What should have been an open and closed case, rather strangely (or perhaps not, considering Newton’s connections) ended with Newton walking away innocent man.

Newton’s lenient 12-month good behavior bond was quashed by a Sydney judge on appeal.

According to the judge considered Newton an “utmost gentleman” who had committed the offense because of severe depression.

Apparently he was unlikely to re-offend.

The justice system’s handling of this case was another slap in the face for Australian women: the career of a well connected actor is more important than your right to safety.

At the time of the charges a number of recognisable faces sprang to Newton’s defense, offering character references for what they saw as an unfairly targeted Newton.

At the time of the court hearing, Newton was dating Gracie Otto, Barry Otto’s then 19-year old daughter.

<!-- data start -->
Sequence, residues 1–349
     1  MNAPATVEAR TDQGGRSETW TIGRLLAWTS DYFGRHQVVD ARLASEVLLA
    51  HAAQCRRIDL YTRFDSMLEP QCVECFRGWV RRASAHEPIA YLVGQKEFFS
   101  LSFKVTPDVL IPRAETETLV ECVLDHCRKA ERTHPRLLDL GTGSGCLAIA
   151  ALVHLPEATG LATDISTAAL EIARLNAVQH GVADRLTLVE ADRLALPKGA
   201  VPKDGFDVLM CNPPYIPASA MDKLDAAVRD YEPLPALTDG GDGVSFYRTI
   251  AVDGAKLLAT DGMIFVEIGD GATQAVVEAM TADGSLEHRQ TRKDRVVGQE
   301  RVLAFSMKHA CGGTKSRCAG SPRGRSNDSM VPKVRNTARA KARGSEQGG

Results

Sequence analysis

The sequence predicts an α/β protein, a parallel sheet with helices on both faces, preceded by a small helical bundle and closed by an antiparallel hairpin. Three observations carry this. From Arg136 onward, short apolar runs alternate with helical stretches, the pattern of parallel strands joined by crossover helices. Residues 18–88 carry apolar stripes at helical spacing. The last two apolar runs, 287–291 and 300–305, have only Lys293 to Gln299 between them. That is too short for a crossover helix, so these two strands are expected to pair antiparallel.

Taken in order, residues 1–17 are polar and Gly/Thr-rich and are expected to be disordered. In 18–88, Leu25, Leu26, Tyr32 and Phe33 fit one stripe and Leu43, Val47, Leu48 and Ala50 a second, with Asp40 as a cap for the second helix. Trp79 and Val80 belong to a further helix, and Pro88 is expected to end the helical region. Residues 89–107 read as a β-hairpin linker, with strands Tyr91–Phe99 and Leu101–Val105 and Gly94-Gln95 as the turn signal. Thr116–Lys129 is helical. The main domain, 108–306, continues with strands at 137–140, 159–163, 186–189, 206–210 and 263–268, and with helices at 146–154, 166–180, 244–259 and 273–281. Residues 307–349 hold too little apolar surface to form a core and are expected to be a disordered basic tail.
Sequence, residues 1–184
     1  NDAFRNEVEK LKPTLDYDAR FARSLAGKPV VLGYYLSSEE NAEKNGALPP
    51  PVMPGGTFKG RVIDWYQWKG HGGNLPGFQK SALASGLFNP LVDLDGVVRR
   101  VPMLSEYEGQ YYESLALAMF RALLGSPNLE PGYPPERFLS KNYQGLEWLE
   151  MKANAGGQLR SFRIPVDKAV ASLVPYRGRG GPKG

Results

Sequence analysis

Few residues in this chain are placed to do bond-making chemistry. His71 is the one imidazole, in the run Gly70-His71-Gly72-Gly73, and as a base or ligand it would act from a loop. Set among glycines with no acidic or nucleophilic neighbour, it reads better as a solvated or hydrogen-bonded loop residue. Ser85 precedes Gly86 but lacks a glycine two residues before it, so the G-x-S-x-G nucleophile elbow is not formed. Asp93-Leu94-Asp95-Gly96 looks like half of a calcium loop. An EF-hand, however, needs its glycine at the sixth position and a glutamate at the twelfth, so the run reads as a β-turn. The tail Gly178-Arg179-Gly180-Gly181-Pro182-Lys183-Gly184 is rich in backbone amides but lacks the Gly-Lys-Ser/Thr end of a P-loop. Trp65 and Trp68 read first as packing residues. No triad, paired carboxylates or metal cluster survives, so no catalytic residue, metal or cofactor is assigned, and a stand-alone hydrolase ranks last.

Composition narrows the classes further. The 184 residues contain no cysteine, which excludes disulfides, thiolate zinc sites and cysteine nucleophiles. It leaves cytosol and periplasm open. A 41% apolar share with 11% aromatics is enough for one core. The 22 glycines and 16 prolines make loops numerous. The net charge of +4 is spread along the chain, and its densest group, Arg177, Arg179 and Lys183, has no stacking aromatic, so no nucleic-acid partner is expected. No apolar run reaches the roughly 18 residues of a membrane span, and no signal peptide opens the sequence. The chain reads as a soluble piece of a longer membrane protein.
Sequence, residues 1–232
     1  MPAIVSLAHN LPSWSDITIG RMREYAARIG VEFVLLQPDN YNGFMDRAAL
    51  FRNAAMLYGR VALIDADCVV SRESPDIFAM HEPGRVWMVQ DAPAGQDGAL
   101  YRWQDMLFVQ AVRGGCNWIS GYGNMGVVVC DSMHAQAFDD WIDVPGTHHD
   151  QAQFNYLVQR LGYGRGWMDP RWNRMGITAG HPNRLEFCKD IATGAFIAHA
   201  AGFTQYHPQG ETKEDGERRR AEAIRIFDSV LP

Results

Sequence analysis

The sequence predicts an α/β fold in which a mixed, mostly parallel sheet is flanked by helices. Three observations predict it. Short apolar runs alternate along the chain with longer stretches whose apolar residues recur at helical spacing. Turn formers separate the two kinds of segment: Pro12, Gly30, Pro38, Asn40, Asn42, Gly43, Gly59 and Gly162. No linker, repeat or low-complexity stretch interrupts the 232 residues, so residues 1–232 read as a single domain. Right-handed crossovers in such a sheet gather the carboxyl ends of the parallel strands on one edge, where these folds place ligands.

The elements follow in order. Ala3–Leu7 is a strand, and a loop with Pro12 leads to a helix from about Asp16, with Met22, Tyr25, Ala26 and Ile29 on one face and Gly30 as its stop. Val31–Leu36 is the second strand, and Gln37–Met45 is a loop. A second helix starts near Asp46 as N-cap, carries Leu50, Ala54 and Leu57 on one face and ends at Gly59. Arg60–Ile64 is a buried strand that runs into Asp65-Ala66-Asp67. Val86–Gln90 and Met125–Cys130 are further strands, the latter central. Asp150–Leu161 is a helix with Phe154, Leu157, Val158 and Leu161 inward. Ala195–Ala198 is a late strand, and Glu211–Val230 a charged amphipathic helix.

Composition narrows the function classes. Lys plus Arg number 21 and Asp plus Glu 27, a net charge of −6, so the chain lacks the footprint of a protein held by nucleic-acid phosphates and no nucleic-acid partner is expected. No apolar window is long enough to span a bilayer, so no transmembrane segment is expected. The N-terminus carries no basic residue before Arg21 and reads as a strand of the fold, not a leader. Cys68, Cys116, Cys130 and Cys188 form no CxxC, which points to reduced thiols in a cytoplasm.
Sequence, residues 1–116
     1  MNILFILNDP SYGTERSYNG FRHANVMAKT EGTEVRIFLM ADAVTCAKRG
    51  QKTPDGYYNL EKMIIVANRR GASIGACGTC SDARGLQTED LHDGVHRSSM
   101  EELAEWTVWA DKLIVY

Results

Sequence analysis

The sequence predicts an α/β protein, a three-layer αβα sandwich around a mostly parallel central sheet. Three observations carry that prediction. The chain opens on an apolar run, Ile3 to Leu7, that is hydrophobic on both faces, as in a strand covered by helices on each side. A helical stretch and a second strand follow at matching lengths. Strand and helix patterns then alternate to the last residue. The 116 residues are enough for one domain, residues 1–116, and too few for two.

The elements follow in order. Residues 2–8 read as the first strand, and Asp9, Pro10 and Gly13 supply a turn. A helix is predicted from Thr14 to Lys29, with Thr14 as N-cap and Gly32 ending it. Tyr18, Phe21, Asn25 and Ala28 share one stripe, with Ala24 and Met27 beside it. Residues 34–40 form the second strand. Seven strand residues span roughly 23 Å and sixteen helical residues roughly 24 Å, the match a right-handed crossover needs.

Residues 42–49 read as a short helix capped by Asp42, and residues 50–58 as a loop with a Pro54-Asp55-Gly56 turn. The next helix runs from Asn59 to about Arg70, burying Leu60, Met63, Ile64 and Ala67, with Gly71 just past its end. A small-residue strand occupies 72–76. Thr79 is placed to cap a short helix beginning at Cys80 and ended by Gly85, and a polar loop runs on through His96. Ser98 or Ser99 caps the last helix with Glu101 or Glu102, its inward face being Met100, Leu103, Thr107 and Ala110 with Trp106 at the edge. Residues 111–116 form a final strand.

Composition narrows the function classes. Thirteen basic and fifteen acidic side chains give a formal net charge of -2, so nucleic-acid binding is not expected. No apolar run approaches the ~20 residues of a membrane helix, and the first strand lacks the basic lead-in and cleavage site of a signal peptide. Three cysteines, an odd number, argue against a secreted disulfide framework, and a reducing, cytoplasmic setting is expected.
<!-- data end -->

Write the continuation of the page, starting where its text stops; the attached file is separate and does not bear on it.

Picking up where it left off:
Barry Otto:

“Matthew is a great friend and a great person. I don’t understand why people are trying to destroy his reputation with this sort of stuff,”

Sue Hill, mother of Gracie, wife of Barry:

“Matthew is the sweetest, nicest person in the world. He would never hurt a flea”.
“He would be absolutely devastated about all this becoming public.”

(How about the devastation Satchwell endured through firstly, the incident(s) itself,  facing the public with her allegations, and finally dealing with the miscarriage of justice performed by a  judge who rendered her abuser innocent)

The Otto’s must be eating their words now.

It certainly didn’t take the commercial networks very long to become convinced of Newton’s supposed innocence either.

Although, you’d think that even despite an overturned conviction, an actor who’s name had become synonymous with domestic violence would be enough to keep the commercial networks away…

As the saying goes, any publicity is good publicity – and with that, Newton’s career was resurrected to play the role of Terry Clark in Channel Nine’s Underbelly.

To tidy Newton’s image up, although as Media Watch pointed out, the role was rather apt,  News Ltd. got to work on some cross promotion last year with this hard-hitting piece of journalism.